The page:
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In some nations, including Denmark, Ireland, Portugal, Sweden, Finland, and the United Kingdom, some popular chocolate products contain a proportion of vegetable fat (normally up to 5%). Elsewhere, such fats are not used, and in some areas (principally Spain and Italy) laws prohibited other fats from being used in chocolate products. In particular, the laws of some European Union members required the use of only cocoa butter. Chocolate manufacturers and others in those nations campaigned vigorously to maintain (and indeed extend) such prohibitions against "substandard" chocolate products of other nations, especially the UK.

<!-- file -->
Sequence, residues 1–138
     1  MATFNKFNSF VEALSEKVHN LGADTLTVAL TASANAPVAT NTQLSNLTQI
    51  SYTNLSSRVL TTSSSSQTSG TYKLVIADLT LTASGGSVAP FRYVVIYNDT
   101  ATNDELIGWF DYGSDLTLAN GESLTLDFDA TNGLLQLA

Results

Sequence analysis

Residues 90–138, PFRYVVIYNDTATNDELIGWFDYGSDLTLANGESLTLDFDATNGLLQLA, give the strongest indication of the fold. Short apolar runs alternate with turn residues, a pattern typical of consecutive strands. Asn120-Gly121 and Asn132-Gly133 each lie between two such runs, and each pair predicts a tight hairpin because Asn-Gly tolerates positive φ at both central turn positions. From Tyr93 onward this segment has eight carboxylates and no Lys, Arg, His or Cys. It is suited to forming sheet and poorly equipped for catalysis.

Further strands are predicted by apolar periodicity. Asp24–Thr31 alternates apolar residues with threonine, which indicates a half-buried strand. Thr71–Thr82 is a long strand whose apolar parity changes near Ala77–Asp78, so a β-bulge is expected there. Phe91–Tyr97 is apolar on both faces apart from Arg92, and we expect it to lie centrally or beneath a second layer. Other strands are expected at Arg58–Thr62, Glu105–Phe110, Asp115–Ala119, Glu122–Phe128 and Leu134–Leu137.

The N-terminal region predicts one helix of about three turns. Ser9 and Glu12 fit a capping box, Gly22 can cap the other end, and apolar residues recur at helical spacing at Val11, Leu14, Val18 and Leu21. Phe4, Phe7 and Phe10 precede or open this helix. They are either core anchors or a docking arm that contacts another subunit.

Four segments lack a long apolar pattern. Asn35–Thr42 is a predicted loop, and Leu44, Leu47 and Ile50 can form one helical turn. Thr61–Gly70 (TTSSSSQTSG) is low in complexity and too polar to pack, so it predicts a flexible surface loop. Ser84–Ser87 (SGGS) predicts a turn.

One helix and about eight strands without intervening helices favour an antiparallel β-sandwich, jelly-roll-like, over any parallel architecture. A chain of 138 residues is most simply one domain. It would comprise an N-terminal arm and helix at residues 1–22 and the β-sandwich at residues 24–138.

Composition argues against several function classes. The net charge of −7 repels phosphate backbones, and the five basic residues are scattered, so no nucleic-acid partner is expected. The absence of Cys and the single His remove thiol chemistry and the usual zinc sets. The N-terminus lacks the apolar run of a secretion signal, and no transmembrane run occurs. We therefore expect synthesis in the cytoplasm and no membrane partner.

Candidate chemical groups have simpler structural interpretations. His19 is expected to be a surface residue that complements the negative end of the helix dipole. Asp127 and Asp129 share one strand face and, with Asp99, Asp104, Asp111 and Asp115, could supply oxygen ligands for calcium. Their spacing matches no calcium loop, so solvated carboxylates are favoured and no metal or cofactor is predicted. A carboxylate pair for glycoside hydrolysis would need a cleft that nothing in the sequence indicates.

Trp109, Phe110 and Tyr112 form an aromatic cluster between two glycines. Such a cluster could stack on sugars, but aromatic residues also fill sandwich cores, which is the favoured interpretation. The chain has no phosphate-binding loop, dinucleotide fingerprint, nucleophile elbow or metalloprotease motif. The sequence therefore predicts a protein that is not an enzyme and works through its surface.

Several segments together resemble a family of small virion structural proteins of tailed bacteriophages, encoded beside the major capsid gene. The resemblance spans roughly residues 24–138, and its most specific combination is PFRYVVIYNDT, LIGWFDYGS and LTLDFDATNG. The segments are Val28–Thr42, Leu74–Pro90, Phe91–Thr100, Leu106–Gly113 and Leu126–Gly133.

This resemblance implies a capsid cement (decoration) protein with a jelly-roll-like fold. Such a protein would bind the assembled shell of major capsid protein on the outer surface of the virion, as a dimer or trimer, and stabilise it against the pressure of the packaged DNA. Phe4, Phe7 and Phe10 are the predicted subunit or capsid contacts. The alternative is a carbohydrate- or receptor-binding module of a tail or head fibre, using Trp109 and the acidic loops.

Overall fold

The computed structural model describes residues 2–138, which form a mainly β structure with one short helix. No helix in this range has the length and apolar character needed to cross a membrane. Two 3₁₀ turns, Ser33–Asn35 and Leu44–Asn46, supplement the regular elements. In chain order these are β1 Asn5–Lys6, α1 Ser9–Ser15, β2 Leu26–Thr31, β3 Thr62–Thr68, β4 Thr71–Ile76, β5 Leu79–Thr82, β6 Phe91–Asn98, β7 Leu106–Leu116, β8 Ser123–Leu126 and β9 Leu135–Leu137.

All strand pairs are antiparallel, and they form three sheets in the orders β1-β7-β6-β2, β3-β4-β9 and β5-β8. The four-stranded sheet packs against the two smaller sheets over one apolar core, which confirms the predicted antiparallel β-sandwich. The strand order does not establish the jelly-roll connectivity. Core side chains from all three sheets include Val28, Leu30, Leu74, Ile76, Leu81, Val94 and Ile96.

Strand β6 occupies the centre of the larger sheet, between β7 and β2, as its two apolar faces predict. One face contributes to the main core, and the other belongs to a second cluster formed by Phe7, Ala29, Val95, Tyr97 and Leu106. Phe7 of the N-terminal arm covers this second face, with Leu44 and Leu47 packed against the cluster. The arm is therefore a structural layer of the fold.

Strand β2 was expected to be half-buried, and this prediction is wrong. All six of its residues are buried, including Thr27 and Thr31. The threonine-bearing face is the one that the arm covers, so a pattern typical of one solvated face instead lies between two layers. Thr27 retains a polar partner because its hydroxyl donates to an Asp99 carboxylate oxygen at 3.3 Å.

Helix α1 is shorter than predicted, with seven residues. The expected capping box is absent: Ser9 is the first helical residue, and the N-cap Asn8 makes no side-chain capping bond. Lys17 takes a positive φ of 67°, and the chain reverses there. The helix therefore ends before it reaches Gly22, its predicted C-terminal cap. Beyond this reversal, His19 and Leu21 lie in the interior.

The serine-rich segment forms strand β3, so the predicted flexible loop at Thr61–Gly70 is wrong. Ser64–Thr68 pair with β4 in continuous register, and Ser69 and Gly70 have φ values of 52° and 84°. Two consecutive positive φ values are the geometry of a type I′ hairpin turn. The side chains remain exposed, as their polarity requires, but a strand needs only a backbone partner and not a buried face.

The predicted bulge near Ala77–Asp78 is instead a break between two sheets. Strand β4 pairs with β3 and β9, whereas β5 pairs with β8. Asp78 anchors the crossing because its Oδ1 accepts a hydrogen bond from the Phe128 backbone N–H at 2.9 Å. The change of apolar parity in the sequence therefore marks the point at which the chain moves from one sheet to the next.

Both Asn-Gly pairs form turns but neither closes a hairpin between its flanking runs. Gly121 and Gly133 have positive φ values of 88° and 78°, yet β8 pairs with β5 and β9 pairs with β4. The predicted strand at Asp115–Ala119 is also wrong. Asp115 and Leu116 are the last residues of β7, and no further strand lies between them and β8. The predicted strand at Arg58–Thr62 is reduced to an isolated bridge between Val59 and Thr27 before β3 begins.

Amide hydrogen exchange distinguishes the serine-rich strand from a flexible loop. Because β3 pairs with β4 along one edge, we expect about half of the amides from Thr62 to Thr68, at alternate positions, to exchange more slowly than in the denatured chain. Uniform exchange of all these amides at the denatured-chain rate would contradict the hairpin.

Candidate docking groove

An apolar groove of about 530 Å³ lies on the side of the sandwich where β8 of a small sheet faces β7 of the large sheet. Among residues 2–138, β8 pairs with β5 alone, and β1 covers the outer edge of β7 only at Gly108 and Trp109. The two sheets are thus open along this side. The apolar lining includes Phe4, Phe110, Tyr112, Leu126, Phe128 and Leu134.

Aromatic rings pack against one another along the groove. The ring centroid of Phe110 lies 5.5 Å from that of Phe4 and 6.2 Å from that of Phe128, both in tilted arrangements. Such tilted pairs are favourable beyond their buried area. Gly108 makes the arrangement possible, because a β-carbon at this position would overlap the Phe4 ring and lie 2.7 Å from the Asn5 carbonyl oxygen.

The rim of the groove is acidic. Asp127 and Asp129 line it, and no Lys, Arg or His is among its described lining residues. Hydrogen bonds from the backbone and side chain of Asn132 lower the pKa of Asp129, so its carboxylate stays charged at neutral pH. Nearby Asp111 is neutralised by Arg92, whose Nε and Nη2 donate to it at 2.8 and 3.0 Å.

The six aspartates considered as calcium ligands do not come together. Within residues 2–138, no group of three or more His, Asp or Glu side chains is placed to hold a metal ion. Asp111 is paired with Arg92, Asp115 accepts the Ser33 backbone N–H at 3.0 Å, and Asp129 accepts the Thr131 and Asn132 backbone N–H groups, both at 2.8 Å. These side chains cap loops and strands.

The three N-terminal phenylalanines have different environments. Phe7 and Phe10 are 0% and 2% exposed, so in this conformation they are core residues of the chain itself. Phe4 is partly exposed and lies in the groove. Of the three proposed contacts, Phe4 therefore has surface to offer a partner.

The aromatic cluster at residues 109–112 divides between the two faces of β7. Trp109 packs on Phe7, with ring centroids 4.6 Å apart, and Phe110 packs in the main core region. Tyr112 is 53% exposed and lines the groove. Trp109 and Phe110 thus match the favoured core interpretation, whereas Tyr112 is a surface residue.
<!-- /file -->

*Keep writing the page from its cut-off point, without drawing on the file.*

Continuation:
One facet of that campaign was that of claiming that chocolate that used any vegetable fat was not true chocolate and should not be permitted to use the unqualified name "chocolate". A variety of alternative names were proposed, but the French suggestion of "vegelate" was the most popular. Despite many stories in the British press, the word was never officially used by the EU nor was its mandatory use ever seriously considered.
The word has also been (rarely) used outside of the EC debate as a pejorative name for cheap chocolate.
In the United States, confections cannot be labeled as chocolate if they contain vegetable fats 21 CFR 163.130 and others. When vegetable fats are present the item must be labeled as chocolate flavored candy.
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